IA Scholar Query: Perfect Matchings via Uniform Sampling in Regular Bipartite Graphs
https://scholar.archive.org/
Internet Archive Scholar query results feedeninfo@archive.orgSat, 13 Aug 2022 00:00:00 GMTfatcat-scholarhttps://scholar.archive.org/help1440Hamiltonicity of random subgraphs of the hypercube
https://scholar.archive.org/work/ai5y2fqoonfjjlsnrdm5tl5i6a
We study Hamiltonicity in random subgraphs of the hypercube 𝒬^n. Our first main theorem is an optimal hitting time result. Consider the random process which includes the edges of 𝒬^n according to a uniformly chosen random ordering. Then, with high probability, as soon as the graph produced by this process has minimum degree 2k, it contains k edge-disjoint Hamilton cycles, for any fixed k∈ℕ. Secondly, we obtain a perturbation result: if H⊆𝒬^n satisfies δ(H)≥α n with α>0 fixed and we consider a random binomial subgraph 𝒬^n_p of 𝒬^n with p∈(0,1] fixed, then with high probability H∪𝒬^n_p contains k edge-disjoint Hamilton cycles, for any fixed k∈ℕ. In particular, both results resolve a long standing conjecture, posed e.g. by Bollobás, that the threshold probability for Hamiltonicity in the random binomial subgraph of the hypercube equals 1/2. Our techniques also show that, with high probability, for all fixed p∈(0,1] the graph 𝒬^n_p contains an almost spanning cycle. Our methods involve branching processes, the Rödl nibble, and absorption.Padraig Condon, Alberto Espuny Díaz, António Girão, Daniela Kühn, Deryk Osthuswork_ai5y2fqoonfjjlsnrdm5tl5i6aSat, 13 Aug 2022 00:00:00 GMTAnalyzing and Optimizing Shared Mobility Fleet Impacts
https://scholar.archive.org/work/lkzmoqsmqvas3hm2bg7dkwpek4
Passenger vehicles enable activity, but they generate unpriced negative externalities such as air emissions and traffic. Those externalities constitute a market failure that may justify policy intervention. Passenger vehicle travel, especially within urban areas, is being transformed by vehicle electrification and by shared mobility options offered by ridesourcing services such as Uber and Lyft. These transformations' impacts on externalities are unclear a priori, as is the role of policy to influence them. To investigate these externalities and what options can address them, I use a mixture of simulation and empirical analysis.Matthew Bruchonwork_lkzmoqsmqvas3hm2bg7dkwpek4Thu, 11 Aug 2022 00:00:00 GMTNearly Optimal Pseudorandomness From Hardness
https://scholar.archive.org/work/qiigm2fwhngjvam5agpfoa6sxq
Existing proofs that deduce BPP = P from circuit lower bounds convert randomized algorithms into deterministic algorithms with a large polynomial slowdown. We convert randomized algorithms into deterministic ones with little slowdown . Specifically, assuming exponential lower bounds against randomized NP ∩ coNP circuits, formally known as randomized SVN circuits, we convert any randomized algorithm over inputs of length n running in time t ≥ n into a deterministic one running in time t 2 + α for an arbitrarily small constant α > 0. Such a slowdown is nearly optimal for t close to n , since under standard complexity-theoretic assumptions, there are problems with an inherent quadratic derandomization slowdown. We also convert any randomized algorithm that errs rarely into a deterministic algorithm having a similar running time (with pre-processing). The latter derandomization result holds under weaker assumptions, of exponential lower bounds against deterministic SVN circuits. Our results follow from a new, nearly optimal, explicit pseudorandom generator fooling circuits of size s with seed length (1 + α )log s , under the assumption that there exists a function f ∈ E that requires randomized SVN circuits of size at least \(2^{(1-\alpha ^{\prime })n} \) , where α = O ( α ′). The construction uses, among other ideas, a new connection between pseudoentropy generators and locally list recoverable codes.Dean Doron, Dana Moshkovitz, Justin Oh, David Zuckermanwork_qiigm2fwhngjvam5agpfoa6sxqWed, 10 Aug 2022 00:00:00 GMTd-connectivity of the random graph with restricted budget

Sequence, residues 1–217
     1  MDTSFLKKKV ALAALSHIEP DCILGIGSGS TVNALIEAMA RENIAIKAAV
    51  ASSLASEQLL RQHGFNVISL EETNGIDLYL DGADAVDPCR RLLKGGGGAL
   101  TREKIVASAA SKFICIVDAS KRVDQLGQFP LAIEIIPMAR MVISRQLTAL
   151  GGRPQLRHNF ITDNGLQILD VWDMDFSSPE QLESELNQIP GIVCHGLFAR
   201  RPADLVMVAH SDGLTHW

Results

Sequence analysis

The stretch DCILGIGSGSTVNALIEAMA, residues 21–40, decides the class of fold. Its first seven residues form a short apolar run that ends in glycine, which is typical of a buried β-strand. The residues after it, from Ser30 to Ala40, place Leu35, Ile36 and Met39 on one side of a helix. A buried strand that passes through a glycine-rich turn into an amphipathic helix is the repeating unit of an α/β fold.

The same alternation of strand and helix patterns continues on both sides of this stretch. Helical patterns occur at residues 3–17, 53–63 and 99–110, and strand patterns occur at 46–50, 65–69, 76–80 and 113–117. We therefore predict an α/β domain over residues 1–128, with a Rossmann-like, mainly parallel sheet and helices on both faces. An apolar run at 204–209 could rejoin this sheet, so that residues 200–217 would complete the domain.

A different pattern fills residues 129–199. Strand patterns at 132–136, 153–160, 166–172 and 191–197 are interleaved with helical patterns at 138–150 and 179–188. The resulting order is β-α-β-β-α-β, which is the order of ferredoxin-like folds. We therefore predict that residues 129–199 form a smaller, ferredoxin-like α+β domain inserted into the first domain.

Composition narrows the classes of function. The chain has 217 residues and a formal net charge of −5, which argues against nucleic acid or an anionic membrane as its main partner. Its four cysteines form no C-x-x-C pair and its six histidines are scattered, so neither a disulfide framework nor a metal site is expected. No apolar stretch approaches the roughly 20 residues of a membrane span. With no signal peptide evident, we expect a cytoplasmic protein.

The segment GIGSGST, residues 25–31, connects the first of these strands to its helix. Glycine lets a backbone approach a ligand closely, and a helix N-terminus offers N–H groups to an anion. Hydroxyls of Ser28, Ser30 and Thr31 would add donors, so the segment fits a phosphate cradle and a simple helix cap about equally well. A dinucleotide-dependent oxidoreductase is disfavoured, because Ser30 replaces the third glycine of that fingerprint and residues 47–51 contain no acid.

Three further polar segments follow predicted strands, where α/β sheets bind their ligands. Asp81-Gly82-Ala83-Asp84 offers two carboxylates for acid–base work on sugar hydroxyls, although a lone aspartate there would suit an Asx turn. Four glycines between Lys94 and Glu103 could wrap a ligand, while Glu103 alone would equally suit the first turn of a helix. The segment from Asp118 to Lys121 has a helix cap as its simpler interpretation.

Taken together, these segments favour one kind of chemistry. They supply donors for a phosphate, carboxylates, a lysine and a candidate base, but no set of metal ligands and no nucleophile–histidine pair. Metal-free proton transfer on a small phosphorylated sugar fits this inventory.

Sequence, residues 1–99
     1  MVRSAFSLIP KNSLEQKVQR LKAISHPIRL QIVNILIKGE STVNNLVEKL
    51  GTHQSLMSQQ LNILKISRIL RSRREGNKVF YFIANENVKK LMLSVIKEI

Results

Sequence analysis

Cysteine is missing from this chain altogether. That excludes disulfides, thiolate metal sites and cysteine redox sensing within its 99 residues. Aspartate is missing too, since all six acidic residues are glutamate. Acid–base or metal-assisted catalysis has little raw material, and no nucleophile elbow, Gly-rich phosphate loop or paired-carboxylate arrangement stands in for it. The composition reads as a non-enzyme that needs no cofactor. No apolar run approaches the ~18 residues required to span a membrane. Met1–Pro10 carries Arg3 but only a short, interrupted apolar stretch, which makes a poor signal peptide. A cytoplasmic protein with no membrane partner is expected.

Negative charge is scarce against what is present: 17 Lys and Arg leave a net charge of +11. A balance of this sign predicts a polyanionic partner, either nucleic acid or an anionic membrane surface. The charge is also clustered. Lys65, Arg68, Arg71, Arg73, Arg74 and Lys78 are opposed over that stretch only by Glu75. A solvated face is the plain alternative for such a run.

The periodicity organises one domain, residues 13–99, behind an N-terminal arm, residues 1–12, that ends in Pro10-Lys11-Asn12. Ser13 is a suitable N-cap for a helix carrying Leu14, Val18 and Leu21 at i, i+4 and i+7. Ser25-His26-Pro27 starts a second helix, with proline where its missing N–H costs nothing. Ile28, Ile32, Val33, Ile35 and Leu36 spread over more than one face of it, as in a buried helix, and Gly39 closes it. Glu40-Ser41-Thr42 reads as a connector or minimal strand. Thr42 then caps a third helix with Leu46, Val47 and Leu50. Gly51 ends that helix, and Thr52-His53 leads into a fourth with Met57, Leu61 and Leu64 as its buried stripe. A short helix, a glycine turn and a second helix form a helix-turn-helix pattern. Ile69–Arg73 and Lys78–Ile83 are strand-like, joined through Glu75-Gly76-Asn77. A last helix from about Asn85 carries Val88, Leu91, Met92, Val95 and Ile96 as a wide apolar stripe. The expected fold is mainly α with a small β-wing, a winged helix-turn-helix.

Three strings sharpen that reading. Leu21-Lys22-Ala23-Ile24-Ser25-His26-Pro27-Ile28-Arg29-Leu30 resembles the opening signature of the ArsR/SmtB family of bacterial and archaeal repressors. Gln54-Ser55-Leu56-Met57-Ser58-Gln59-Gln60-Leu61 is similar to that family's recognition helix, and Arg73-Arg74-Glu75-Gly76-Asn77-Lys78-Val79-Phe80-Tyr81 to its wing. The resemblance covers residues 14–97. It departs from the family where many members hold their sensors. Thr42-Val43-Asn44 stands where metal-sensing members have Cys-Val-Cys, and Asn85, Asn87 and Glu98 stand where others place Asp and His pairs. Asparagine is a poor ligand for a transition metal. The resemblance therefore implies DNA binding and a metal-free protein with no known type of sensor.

https://scholar.archive.org/work/dexqgflun5csfp5xbnn3wqmtlm
In this short note we consider a graph process recently introduced by Frieze, Krivelevich, and Michaeli. In their model, the edges of the complete graph K_n are ordered uniformly at random, and are then revealed consecutively to a player called Builder. At every round, Builder must decide if they accept the edge proposed at this round or not. We prove that for every d≥ 2 Builder may construct a spanning d-connected graph after (1+o(1))nlog n rounds by accepting at most (1+o(1))dn/2 edges with probability converging to 1 as n→∞. This settles a conjecture of Frieze, Krivelevich, and Michaeli.Lyuben Lichevwork_dexqgflun5csfp5xbnn3wqmtlmMon, 08 Aug 2022 00:00:00 GMTSubspace-Based Pilot Decontamination in User-Centric Scalable Cell-Free Wireless Networks
https://scholar.archive.org/work/ahnx24yky5hfplqci6pfd7quxe